Turret spindle repair
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  1. #1
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    Default Turret spindle repair

    I am working on repairing the upper turret on my Miyano KNC-45. It has been having trouble indexing since I got it almost 3 years ago. The solution at the time was to not index it. Faced with a little down time, I decided to get into it and revive the upper turret. I quickly found that it had lost a bearing at the rear of the turret spindle. I managed to find replacement bearings and began to take it apart. Unfortunately the bearings ran directly on the turret spindle and ended up destroying the bearing surface on it.

    14ee9ed9-420e-4f23-adf1-f625623a559a.jpg101d2c71-76b1-465f-88a2-5c48146f0977.jpg

    Now I am looking for ways to repair the shaft as I am not sure if They are still available from the manufacturer. If they are, I don’t know that I can afford it.

    If you know of any shops that can do this sort of repair, I could use some contact information

    Thank you

  2. #2
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    Don't know anyone out your way, but turn down the damaged part, press on a hard sleeve (assuming this part is heat treated), grind at assembly seems like a pretty ordinary repair that lots of shops could do.

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    Did you mike it? How bad is it? It might be the same size but scratched and if that's the case you might be able to put on a new bearing and not do anything accept cleaning with some steel wool. if it is a few tenths low, you could use some loc-tite. Was the bearing permanently greased or is it oiled? If it is bad then you will have to grind it down to clean up and then have it nickle chromed and reground in that spot. I found this place and it looks like they are expert at grinding and chroming EC GRINDING - Quality Hard Chrome and Grinding Craftsmanship Guaranteed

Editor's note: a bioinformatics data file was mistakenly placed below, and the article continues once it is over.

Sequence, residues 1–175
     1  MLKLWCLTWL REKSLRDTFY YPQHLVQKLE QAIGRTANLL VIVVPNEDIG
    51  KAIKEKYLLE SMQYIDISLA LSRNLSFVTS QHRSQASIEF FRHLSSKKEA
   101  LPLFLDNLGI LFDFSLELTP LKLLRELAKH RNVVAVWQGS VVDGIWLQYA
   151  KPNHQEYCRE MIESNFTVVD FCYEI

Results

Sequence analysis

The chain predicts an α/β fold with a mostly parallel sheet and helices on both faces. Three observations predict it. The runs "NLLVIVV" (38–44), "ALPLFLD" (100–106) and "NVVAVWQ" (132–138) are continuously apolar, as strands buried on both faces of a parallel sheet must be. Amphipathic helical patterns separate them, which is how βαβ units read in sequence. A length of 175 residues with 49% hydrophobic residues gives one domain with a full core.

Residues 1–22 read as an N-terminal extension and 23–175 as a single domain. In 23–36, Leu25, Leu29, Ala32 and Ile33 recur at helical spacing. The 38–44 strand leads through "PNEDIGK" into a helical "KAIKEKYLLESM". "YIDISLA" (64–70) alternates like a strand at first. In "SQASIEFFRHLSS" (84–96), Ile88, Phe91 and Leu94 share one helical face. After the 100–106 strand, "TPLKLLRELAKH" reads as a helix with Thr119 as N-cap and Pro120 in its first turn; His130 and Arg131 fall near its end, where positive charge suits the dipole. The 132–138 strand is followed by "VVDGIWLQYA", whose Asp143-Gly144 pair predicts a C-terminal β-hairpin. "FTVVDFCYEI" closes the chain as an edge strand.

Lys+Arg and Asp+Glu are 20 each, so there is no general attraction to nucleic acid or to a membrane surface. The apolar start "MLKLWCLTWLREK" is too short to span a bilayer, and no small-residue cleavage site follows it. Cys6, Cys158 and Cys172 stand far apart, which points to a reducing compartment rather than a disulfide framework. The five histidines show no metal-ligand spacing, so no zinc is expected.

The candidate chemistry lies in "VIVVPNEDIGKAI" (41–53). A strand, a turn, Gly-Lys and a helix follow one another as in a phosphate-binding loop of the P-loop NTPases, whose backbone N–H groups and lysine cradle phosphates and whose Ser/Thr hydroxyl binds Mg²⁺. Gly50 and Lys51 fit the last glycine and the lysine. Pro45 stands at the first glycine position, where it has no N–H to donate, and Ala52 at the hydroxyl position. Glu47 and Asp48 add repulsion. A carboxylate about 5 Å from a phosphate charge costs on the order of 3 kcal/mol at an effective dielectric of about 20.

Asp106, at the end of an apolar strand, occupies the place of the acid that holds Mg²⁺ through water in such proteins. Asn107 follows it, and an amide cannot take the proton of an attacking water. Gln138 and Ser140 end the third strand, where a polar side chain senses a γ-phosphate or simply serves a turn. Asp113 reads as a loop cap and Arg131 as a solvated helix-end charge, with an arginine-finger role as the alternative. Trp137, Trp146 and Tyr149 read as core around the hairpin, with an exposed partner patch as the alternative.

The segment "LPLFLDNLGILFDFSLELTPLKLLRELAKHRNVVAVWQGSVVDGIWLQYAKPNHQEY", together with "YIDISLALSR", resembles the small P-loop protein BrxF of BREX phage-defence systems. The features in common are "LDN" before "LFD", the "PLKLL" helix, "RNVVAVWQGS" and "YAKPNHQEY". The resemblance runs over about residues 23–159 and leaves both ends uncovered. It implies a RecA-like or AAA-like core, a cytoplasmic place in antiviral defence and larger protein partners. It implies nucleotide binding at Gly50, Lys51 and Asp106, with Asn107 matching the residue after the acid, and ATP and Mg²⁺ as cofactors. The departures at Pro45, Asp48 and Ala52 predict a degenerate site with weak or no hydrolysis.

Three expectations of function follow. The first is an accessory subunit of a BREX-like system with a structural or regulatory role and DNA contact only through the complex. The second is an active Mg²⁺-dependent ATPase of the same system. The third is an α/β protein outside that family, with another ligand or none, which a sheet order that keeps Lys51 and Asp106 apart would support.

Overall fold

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    Thank you Mr. King, I’ll check them out. The shaft is supposed to be 40mm there and the thread in front of it is 40mm as well, so turning it down and pressing on a hard sleeve is not really a viable option for me. I haven’t put a micrometer to it yet, but I can see there is definitely a reduction in the diameter and it’s in rough enough condition that the new bearing will have little hope of survival. It also has an internal through shaft to drive the live tooling that I will have to remove before It can be rebuilt.

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    Hi,

    There are several ways to fix the shaft:

    1) spray metal, and grind the new surface.

    2) hard chrome, and grind the new surface.
    On the hard chrome method the other surfaces will
    have to be masked off, and some chrome shops won't
    do that.

    There are spot chroming kits for DIY'ers, but I
    don't know how well they work.

    Good luck,

    Paul

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    I do have a eutectic spray metal torch set and materials. However since I rarely use it, and the fact that it is in close proximity to those threads, I’m not sure if I want to tackle that project on my own. It seems a project best left to someone who does it all the time.

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    I owned one years ago and took a class on how to use it. I tried it a few times and it failed to so I never used it. Now that was 35 years ago, so maybe technologies have changed